Is Fracking Behind Water Problems at Wyoming's Wind River Indian Reservation?Oct 14, 2010 | Parker Waichman LLP
People living on the Wind River Indian Reservation in central Wyoming have been warned not to drink their well water after it was found to be contaminated with benzene and other toxins. The US Environmental Protection Agency (EPA) is now trying to determine if nearby gas drilling operations that utilize hydraulic fracturing, or fracking, are to blame.
The Wind River Indian Reservation includes the town of Pavillion. As we’ve reported previously, the Canadian drilling company EnCana began ramping up gas development in the Pavillion/Muddy Ridge field earlier this decade. Last year, the EPA began sampling water in the area in response to multiple landowners concerns about changes in water quality and quantity following EnCana’s increased drilling. In August of last year, the EPA announced that its initial investigations found 11 of 39 tested drinking water wells were contaminated.
In September, the EPA announced it had found benzene, as well as metals, naphthalene, phenols, methane and other contaminants in groundwater and in area wells. According to the agency, at least three water wells contained a chemical used in the fracking process. Some residents of the reservation have been told not to drink their water and to use fans and ventilation while bathing or washing clothes to avoid the risk of explosion.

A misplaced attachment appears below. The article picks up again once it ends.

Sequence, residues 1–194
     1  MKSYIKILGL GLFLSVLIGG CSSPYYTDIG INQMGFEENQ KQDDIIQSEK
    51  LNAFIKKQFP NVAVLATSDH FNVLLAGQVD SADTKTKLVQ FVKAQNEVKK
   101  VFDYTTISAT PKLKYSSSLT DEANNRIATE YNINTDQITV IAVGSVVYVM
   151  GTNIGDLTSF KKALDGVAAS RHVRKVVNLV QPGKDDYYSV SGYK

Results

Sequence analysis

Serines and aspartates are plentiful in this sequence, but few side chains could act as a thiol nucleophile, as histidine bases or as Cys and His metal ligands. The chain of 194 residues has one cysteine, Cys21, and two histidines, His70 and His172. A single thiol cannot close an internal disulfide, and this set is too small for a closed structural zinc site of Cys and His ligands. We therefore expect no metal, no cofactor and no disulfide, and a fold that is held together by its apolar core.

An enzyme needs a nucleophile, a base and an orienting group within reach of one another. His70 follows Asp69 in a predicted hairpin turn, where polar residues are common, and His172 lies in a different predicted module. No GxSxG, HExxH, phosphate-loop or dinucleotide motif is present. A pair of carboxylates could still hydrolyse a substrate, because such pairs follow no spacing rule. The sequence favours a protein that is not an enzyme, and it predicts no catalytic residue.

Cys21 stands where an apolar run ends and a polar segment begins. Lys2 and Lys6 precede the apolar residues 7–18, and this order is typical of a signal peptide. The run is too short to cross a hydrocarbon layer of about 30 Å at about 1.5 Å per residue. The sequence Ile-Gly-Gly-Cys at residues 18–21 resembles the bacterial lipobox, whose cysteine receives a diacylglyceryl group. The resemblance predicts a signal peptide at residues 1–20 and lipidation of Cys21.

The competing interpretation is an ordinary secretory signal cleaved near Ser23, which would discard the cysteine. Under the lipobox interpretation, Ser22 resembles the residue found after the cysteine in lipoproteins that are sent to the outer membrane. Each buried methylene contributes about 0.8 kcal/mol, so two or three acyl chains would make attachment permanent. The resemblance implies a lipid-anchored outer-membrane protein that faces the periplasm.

The EPA has not reached any conclusions about the sources of chemical compounds found in drinking water wells, including fracking as a possible cause. However, the agency said it is working with various government partners and EnCana to provide affected residents with water and to address potential sources of the contamination.
The EPA warning came just a month after the group Earthworks Oil and Gas Accountability Project reported that in a survey of Pavillion-area residents, four out of five participants complained of symptoms that could be linked to gas drilling operations in and around the central Wyoming town. In addition to respiratory problems, the survey participants reported headaches, nausea, itchy skin, dizziness and other ailments. The scientist conducting the survey told the Associated Press that illnesses reported are associated with the types contaminants the EPA identified in well water last year.